• TV’s “Judge” Joe Brown, who is a former Tennessee judge, was sentenced to five days in jail for contempt of court after becoming verbally abusive towards a Memphis juvenile court judge. Brown had come to the court to represent a client in a child support case, but he reportedly became upset when court workers told him that case wasn’t on the agenda that day.
• Lawmakers in the United Kingdom want to know how the entire National Health Service (NHS) hospital patient database was uploaded onto Google servers outside the country. This is the latest concern that legislators have raised recently about how well the NHS protects patient privacy as the agency pushes forward with a plan that could digitize all of the nation’s health records and make them available to private companies and other government departments.
• Over the 10 years since Texas executed Cameron Todd Willingham for setting a house fire that killed his three daughters it has become increasingly evident that the state killed an innocent man. Now, it has come to light that the prosecution may have concealed a deal with a jailhouse informant whose testimony was key to convicting him. Johnny Webb testified that Willingham confessed the whole crime to him. The prosecutor in the case, who went on to become a judge, has always denied cutting any deal with Webb, but attorneys trying to win an exoneration for Willingham recently found a note in the prosecution’s file on Webb saying to change the charge against him to second-degree robbery, not the first-degree robbery he’d initially been charged with, “based on coop in Willingham.”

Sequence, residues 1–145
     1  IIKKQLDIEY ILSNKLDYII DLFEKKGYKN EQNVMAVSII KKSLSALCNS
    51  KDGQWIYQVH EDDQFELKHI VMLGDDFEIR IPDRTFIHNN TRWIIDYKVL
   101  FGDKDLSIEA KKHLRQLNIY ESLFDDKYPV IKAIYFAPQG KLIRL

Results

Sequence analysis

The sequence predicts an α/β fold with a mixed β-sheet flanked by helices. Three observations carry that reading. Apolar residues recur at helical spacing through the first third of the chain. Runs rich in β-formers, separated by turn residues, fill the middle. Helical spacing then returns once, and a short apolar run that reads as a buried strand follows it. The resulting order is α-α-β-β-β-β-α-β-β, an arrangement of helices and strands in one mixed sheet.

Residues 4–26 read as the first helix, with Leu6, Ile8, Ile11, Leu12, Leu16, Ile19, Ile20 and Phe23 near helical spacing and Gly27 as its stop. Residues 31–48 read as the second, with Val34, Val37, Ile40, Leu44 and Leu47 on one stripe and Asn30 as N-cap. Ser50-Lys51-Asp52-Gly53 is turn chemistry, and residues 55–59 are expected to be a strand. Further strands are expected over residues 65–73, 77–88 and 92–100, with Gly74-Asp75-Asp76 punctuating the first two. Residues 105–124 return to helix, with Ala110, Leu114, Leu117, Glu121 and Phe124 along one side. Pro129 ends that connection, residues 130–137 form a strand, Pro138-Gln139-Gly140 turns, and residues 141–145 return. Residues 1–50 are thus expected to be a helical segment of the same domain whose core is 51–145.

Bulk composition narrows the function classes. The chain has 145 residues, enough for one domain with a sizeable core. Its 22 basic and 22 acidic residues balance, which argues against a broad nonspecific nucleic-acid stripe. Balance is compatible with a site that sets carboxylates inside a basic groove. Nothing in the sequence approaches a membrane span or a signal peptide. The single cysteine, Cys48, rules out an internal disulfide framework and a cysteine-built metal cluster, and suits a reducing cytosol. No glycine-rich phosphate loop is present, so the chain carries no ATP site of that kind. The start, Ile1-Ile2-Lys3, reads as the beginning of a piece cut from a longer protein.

• California’s Antioch Unified School District has agreed to pay $8 million to settle complaints from the families of eight special needs kindergartners. The families say teacher Theresa Allen-Caulboy held one student to the ground and “gouged his face,” pinched another’s nipples and called him a retard, and hit others with the back of her hand. Allen-Caulboy pleaded guilty to one felony count of child abuse and two misdemeanor counts. She was sentenced to 45 days in county jail and four-and-a-half months home detention.
• An Oakland County, Mich., sheriff’s deputy has been sentenced to 18 months probation, 250 hours of community service and ordered to pay a $2,500 fine after pleading guilty to two counts of a moving violation causing death. Dennis Alvis was on duty when he ran a red light at 65 mph and collided with another vehicle, killing two people. He was on his way to assist other deputies but did not have his siren on.
Charles Oliver is a staff writer for The Daily Citizen.